Magazine article Times Educational Supplement

Prove Education Aid Is Working - or Pay the Price

Magazine article Times Educational Supplement

Prove Education Aid Is Working - or Pay the Price

Article excerpt

Developing countries must show results to keep funding

Developing nations could be forced to hand back millions of pounds in education funding if they fail to hit tough new performance targets.

Despite a concerted international push since 2000 to achieve universal primary education, figures published this summer reveal that almost 58 million children remain out of school.

The United Nations campaign received a boost in June when the Global Partnership for Education (GPE) announced that Western donor nations had pledged to invest more than £1.2 billion to drive up standards of education in the developing world. But the GPE has warned that the nations receiving a slice of the funding should not expect an easy ride.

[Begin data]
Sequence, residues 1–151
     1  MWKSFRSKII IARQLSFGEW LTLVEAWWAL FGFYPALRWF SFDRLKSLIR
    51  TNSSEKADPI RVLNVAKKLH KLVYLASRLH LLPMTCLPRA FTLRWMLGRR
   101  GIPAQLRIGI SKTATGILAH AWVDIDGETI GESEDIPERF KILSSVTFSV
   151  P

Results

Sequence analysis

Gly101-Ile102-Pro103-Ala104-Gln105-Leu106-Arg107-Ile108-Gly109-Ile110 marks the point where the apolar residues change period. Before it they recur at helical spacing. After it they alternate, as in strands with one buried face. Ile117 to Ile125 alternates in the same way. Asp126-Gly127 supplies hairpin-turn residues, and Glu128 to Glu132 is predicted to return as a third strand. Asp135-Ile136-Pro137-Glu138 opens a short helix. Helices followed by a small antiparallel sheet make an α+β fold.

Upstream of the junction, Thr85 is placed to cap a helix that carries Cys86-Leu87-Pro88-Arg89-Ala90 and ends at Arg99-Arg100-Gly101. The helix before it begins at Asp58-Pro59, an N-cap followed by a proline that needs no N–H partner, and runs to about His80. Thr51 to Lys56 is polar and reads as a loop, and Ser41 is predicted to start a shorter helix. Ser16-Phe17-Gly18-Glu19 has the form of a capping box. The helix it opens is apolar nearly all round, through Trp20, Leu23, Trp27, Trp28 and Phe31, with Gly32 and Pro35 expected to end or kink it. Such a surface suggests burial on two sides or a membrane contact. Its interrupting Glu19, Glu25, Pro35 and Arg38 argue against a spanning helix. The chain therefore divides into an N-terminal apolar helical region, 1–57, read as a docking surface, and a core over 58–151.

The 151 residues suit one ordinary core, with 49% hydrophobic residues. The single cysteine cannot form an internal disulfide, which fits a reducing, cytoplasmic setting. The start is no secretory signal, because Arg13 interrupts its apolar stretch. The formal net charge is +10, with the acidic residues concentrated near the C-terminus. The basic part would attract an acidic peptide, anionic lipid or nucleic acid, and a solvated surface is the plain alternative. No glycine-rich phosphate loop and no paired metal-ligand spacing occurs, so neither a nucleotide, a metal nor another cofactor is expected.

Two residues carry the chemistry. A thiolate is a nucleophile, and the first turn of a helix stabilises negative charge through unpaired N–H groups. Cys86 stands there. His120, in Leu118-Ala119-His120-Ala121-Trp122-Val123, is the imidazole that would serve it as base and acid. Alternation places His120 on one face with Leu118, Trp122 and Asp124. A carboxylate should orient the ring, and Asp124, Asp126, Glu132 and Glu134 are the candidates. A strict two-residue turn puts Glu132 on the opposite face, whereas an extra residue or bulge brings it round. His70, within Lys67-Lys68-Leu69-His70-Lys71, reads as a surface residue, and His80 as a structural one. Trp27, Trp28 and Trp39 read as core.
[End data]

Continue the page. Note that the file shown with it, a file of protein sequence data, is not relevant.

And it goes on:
Under a radical new deal, the partnership will closely monitor how the money is spent, with 30 per cent of a country's funding at risk if it fails to demonstrate the impact of the investment.

Former Australian prime minister Julia Gillard, now chair of the GPE board, told TES that the new model marked a "huge shift" in approach, by involving developing nations in setting their own challenging performance targets.

"It's not a model where someone flies out from Washington or London and says to developing countries, 'Here's what you've got to do'," she said. "It's a model to strengthen the system. We work with a developing country and a local education group, which involves the government and civil society and education experts in developing a plan for education in that nation, including the benchmarks for success. The GPE can then make sure the plan that's developed is being followed through."

In order to access their full allocation of funding, countries will have to demonstrate that they have secured improved results, become financially efficient and created equity for all learners, including girls and children with disabilities. …

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